By comparison, The Daily News carried stories of the poll on its front page three times in the week, focusing mainly on the fears of MDC activists and alleged excesses of the war veterans and the CIO.
While both papers carried more stories on their inside pages, Zimpapers' titles mainly featured denials of MDC allegations and its leader's threat to mobilize 20 000 youths to protect MDC voters (The Herald 11/1), which also appeared in denial form.  The Daily News also featured Morgan Tsvangirai's threat inside and a straightforward and detailed story of the alleged MDC youths who appeared in court (9/1).  As polling opened on Saturday, The Herald (13/1) led with a story claiming that MDC youths had slashed villagers' maize crops, while The Daily News carried a story about so-called war veterans occupying polling stations on the eve of voting.  But these piecemeal reports in the dailies failed to capture the full story of the nature of the campaigning in the constituency.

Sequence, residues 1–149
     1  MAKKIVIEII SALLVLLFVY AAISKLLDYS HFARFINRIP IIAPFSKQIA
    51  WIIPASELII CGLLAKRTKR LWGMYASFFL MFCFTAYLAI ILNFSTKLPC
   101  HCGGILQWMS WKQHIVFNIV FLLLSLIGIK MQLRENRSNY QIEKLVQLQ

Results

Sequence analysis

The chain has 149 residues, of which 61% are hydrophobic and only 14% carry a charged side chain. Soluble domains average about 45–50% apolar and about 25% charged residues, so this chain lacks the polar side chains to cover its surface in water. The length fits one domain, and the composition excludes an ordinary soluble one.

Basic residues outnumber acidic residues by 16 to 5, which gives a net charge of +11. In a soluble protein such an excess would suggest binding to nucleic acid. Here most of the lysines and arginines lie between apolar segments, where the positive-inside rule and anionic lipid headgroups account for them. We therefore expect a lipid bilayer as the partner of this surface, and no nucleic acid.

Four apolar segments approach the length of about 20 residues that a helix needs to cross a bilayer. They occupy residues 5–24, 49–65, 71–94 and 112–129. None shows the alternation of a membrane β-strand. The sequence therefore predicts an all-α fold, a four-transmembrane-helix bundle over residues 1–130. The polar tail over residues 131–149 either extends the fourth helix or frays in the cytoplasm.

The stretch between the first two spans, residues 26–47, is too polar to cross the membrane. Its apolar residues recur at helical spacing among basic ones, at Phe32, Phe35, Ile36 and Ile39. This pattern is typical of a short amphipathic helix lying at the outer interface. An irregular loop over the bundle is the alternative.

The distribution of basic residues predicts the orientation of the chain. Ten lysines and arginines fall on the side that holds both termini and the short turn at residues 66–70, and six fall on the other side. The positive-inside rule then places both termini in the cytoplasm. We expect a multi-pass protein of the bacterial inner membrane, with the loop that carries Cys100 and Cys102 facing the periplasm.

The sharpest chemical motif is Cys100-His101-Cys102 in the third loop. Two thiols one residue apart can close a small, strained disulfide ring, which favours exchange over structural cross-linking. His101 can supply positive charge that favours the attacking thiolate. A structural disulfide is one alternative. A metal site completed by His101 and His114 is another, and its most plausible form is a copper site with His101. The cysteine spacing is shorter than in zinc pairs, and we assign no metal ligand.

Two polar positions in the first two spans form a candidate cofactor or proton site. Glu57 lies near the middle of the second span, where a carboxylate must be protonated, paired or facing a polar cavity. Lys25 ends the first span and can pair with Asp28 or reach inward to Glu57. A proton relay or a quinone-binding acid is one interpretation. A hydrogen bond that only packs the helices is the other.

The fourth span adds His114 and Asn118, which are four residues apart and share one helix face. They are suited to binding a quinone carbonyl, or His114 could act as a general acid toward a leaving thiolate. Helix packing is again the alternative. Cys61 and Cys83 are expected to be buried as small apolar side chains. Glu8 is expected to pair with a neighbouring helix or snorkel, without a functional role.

While The Herald's Saturday edition gave some indication of the deployment of each party's activists to "protect" their supporters, it made it appear as if the opposition was dominant.  It was a different story in The Zimbabwe Independent (12/1) however, which reported ruling party sources telling the paper that "ZANU PF officials.have put in place elaborate plans to compel voters to go and cast their ballots."
The story, headlined, Split ZANU PF fights dirty in Bikita, detailed some of these measures and noted that the Zvobgo faction in the province had decided not to support the ruling party's candidate.
Two other stories in the paper graphically highlighted the terror the constituency's electorate have been subjected to and the highly organized nature of war veterans leader, Chenjerai Hinzvi and war veterans.
These stories added to those carried in The Financial Gazette of the previous day, and especially an eye-witness account from its chief reporter, Abel Mutsakani, who quoted extensively from a policeman to support his own experiences in the constituency.
"The (police) roadblocks remind everyone of the days of the liberation struggle.  The sight of guns and the rough treatment from the police reminds them who has the power," the policeman was quoted as saying.
His story also quoted the ruling party's interim provincial chairman, Samuel Mumbengegwi telling villagers that headmen had been instructed by government to register all people who go and vote and that from those registers ZANU PF would be able to tell who voted for which candidate.